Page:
• The Good: A haunted house; a small town mystery; invisible monsters
  • The Bad: Weak secondary characters; may be too slow-paced for some
  • The Literary: Book-within-a-book; enjoyable prose

Opal lives with her brother in a dirty hotel in Eden, Kentucky, and all she wants is to be able to give him a chance to get out. So when she gets an unexpected job offer to clean the Starling House, she dismisses the fact that everyone in town thinks it’s haunted, and the brooding caretaker Arthur Starling, and the fact that she’s been dreaming about the house for years.

I like a lot about this southern gothic fantasy with hints of horror and romance. First, there’s a novel-within-a-novel. The only famous thing to ever come out of Eden is the children’s book The Underland, a book of monsters by E. Starling, the reclusive nineteenth century author who also built Starling House and then disappeared.

Opal herself is quite strong, independent, and stubborn. Harrow captures the details of her poverty well, from Opal’s crooked teeth, to her job at Tractor Supply that schedules her just infrequently enough that they don’t have to provide health insurance, to Opal’s attitude toward charity. Opal understands that nothing is free and hates when anyone pities her.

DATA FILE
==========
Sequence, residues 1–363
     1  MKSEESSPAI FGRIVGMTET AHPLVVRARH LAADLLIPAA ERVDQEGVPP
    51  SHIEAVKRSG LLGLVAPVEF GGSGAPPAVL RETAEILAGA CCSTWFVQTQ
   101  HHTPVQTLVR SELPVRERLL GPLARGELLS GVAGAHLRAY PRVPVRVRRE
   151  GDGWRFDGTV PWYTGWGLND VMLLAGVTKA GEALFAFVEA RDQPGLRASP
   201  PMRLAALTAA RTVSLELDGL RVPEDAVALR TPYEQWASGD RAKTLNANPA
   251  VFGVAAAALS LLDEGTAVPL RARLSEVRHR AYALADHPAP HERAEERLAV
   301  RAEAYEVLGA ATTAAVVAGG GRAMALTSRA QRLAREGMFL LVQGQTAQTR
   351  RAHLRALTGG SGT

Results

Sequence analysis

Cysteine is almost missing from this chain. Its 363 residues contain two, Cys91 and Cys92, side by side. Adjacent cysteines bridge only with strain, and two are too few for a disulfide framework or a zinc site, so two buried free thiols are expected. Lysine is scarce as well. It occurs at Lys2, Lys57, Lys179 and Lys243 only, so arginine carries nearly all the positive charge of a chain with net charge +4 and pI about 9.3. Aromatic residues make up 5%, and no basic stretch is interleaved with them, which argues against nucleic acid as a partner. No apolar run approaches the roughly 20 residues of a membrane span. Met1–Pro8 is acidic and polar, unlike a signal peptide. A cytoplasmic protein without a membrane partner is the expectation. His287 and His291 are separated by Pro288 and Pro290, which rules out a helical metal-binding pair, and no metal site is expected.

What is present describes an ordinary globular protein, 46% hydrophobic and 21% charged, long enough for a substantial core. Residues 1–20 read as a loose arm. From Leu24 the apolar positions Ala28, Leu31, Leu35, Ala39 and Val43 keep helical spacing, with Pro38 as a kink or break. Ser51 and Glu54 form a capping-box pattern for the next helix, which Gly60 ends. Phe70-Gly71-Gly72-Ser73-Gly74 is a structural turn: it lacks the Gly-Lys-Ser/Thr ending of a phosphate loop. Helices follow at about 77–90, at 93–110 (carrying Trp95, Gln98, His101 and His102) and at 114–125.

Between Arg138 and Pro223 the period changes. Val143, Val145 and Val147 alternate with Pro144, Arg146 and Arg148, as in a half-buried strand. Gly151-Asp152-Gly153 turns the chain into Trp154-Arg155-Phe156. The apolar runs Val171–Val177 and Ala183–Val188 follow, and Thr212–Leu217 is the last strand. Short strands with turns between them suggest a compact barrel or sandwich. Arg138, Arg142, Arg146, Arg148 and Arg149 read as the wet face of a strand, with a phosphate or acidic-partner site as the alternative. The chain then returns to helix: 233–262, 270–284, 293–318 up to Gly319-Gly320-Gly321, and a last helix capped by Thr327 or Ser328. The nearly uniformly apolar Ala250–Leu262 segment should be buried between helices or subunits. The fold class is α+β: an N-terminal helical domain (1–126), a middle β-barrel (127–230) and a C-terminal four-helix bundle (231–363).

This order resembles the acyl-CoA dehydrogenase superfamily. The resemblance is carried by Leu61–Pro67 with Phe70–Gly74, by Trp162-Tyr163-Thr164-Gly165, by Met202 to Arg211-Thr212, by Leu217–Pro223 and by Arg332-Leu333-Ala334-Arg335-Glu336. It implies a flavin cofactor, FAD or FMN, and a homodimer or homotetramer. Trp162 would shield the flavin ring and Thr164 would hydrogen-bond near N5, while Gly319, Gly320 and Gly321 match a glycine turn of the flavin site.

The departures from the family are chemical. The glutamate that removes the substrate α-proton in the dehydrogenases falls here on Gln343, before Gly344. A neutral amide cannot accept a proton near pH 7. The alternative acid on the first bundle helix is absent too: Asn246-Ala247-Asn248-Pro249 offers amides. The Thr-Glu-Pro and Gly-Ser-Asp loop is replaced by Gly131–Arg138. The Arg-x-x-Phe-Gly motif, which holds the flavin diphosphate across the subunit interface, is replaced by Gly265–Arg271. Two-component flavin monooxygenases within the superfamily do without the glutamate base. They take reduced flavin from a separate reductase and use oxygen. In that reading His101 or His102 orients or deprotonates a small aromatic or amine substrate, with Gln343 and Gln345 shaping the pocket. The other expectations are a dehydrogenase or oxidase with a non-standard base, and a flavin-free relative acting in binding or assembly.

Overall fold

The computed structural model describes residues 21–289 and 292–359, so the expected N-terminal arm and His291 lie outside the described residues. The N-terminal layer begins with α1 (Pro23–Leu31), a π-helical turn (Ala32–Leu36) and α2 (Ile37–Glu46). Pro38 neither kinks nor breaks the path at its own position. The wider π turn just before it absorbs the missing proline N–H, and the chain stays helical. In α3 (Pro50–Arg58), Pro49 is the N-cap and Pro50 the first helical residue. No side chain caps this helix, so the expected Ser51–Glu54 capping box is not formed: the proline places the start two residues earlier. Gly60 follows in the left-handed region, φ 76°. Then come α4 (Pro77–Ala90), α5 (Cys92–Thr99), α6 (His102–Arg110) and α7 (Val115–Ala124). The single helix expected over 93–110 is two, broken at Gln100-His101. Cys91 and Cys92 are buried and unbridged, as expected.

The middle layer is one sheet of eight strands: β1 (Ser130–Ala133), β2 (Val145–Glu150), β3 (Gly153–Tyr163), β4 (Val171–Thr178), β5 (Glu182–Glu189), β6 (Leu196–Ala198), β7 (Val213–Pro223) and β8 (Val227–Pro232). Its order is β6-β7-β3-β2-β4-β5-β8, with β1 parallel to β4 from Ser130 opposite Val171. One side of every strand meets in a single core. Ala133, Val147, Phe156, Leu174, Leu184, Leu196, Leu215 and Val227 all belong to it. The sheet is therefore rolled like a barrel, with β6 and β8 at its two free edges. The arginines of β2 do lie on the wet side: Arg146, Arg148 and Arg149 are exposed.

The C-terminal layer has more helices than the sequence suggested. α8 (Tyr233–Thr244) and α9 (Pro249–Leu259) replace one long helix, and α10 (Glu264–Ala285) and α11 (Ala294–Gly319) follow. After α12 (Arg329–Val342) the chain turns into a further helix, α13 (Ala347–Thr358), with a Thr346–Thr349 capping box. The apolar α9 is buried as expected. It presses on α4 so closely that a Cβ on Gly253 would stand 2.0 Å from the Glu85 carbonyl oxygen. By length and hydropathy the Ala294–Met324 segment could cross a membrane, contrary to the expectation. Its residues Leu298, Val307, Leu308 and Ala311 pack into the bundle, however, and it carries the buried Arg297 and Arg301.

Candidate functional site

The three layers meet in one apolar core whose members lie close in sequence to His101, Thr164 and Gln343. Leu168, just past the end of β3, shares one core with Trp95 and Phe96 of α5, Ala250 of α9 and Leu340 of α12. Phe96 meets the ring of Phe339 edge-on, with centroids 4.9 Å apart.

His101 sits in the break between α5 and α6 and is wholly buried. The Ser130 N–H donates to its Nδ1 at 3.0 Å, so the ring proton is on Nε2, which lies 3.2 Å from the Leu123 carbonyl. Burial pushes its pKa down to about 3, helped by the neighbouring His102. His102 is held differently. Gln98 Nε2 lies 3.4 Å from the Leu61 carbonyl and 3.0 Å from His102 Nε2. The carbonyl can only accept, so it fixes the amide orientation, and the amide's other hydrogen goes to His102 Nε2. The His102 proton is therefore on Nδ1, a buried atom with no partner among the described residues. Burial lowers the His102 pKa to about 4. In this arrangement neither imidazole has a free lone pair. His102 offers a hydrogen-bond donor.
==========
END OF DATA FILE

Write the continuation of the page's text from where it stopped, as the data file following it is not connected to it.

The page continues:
Once Opal starts cleaning Starling House, she opens rooms covered in dust and cobwebs, untouched for decades. The house shows her new rooms that couldn’t have physically existed before. Arthur sulks moodily in his study with fresh cuts and bruises he refuses to explain, which mar his already ugly face. It’s rather cozy in its fantasy horror, reminiscent of Beauty and the Beast.

In some veins of Southern Gothic, the horror doesn’t come so much from the literal monsters, but from the suppressed horrors of the past. The American predisposition to act like colonialism and slavery never happened is still alive and well, and it’s particularly strong in small towns. In Eden, one family lusts after power and money for centuries, keeping their coal plant alive and thriving because of murder and corporate apathy, and in spite of damages to the surrounding ecosystem and the townspeople’s health.

The novel feels rooted in its location and history. Opal is trapped in Eden; the Starling House is haunted by the past; even Eden is trapped in its own historical evils. History is written by the winners, but Opal and Arthur manage to tease out some truths. I wish the mystery unfolded slower instead of an info dump all at once at the end, though.

Despite this being classified as an adult novel, Opal feels more like a teen than a twenty-something struggling to raise her younger brother, so this would be appropriate for YA audiences. Even the romance is tame and sweet.

Highly recommended for fans of southern gothic fantasy and old haunted houses that like their tenants!